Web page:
The chronology and artifact types of the next 4000 years are less clear. There are fewer archaeological locations that contain such remains, and there are a lot less dates to go on. Existing dates based on the radiocarbon (C14 Plot) and obsidian hydration (Hydration Plot)methods show a strong downturn between 7500-3500 BP, making it difficult to pinpoint cultural changes during that time span. Although the exact beginning and end dates of artifacts during this time are uncertain, several different kinds of projectile points were in use. These include split-stem forms, large side-notched forms, and concave-base types different than those of earlier periods. Most or all of these were used to tip darts used with the atlatl or throwing stick and it was not until later that the bow and arrow was added to the hunting kit.


Archaeological patterns become much clearer after 3500 BP. Artifacts during the initial part of this period, between 3500-1500 BP, include large corner-notched projectile points as well as a new kind of concave-base form. These are still used with the throwing stick or spear-thrower. Weaponry changes significantly around 1500 years ago, when the bow and arrow appears and projectile tips shrink in size to fit the much lighter arrows. Points typical of the period from 1500-700 BP include smaller corner-notched forms, which change to triangular, leaf-shaped, and side-notched shapes after 700 years ago. Such artifacts continued to be used into historic times, which began about 150 BP, but were eventually replaced with firearms brought in by the early settlers. This era of first contact was a time of much turmoil as Paiute and Shoshone peoples in the region struggled to adjust to the presence of immigrant cultures.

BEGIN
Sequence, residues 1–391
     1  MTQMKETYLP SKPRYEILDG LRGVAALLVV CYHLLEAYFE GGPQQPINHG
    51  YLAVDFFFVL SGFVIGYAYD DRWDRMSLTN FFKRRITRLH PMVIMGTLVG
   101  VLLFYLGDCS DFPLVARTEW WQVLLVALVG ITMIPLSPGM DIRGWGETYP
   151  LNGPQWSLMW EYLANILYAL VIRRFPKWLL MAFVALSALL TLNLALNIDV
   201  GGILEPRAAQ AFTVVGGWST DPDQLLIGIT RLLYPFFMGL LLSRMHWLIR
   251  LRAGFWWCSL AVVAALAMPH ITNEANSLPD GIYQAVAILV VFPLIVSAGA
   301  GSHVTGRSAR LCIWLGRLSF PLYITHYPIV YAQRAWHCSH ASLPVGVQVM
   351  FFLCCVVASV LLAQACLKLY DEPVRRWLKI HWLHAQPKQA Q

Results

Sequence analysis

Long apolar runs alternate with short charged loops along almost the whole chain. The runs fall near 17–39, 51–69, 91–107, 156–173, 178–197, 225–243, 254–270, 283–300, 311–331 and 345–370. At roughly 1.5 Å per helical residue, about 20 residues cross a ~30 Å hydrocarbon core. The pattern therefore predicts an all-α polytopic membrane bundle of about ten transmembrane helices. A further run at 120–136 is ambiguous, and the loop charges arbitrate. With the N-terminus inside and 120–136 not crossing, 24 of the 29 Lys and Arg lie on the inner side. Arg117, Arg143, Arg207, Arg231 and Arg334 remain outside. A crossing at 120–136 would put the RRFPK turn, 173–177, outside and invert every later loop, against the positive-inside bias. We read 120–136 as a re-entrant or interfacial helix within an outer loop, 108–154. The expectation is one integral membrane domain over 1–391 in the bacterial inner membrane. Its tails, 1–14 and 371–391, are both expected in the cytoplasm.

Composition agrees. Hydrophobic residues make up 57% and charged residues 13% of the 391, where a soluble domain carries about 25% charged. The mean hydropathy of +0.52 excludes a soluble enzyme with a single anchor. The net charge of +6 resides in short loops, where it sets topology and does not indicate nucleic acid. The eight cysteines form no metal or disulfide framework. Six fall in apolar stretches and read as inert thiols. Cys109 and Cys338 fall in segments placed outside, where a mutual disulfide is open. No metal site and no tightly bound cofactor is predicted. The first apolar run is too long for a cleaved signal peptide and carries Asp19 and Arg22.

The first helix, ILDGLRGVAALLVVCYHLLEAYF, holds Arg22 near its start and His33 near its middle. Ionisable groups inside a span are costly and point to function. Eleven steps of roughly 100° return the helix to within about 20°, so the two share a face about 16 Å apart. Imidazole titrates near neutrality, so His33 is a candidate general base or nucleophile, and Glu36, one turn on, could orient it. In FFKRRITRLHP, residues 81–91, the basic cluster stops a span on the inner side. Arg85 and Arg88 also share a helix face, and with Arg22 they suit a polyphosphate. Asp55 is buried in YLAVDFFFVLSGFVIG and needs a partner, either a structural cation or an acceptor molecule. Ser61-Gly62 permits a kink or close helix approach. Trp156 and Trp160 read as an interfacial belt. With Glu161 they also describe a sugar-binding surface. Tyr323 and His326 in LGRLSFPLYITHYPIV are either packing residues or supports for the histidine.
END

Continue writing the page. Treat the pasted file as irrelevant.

Other sections of this webpage use a simpler chronology to explore how Native American lifeways and domestic patterns changed over time. The most ancient archaeological patterns (12,000-3500 BP) together represent Early Prehistoric Times, Middle Prehistoric Times fall between 3500-1500 BP, Late Prehistoric Times comprise the interval from 1500-150 BP, and Historic Times begin with the arrival of Euro-Americans and other non-native immigrants. Archaeologists know much more about some of these time periods than others, and details become generally clearer the more recent we get. Projects funded by the California Department of Transportation (Caltrans) have provided much of the information we have about Native American archaeology in the Eastern Sierra.